The middle school my daughters attend started a new math program based on their poor performance for the third year on the standardized testing required by NO CHILD LEFT BEHIND, which should really be called EVERY CHILD LOSES BRAIN CELLS and PARENTS DON’T UNDERSTAND WHY THEY LEARNED THE OLD FASHIONED WAY AND CAME OUT FINE.
One of my daughters asked for help on her homework and I soon found out it wasn’t because it was difficult.
There were five problems similar to this one:
1. Chayton buys Northern Spy apples for his mother’s pie. He buys 3.2 pounds at $1.10 a pound. What is his bill?
Okay, 6th grade. I get this. But then:
6. Why does it make sense to use multiplication to solve these problems?
We debated this for a while. Because that’s how you get the answer? Because it works? What deep meaningful answer are they looking for?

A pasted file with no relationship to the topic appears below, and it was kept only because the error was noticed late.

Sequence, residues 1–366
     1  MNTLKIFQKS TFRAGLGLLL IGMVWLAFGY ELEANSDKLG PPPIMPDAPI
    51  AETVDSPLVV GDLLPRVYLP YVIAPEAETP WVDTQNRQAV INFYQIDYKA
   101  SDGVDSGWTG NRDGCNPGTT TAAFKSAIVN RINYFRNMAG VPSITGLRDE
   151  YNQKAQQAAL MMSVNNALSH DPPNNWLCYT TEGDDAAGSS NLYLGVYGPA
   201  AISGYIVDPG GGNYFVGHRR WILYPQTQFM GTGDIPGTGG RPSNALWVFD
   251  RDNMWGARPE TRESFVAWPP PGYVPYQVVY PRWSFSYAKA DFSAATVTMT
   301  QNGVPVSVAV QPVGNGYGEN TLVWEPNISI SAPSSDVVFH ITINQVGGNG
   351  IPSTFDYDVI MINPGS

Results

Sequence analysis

I thought that question was hard until I read the next one:
7. When one factor in a multiplication problem is greater then 1, is the product greater or less than the other factor? Explain.
I don’t even know how to answer the question without using the beginning to answer the end. The product is greater than the other factor because it’s multiplied by a factor greater than one? I tried to get her to use one of my other answers:
- Emily’s Butt
- Because this math is making me stupider
- Because my mother says so
And the final straw came with the last question on the page:
8. When one factor is less than 1, is the product greater or less than the other factor? Why?
At this point she accidentally attached her bracelet to her three-hole binder while closing it, told me “lesser than” was not correct English, erased and fixed her numbering errors because she apparently can’t count to 2, and we both felt much stupider for even attempting to do 6th grade math.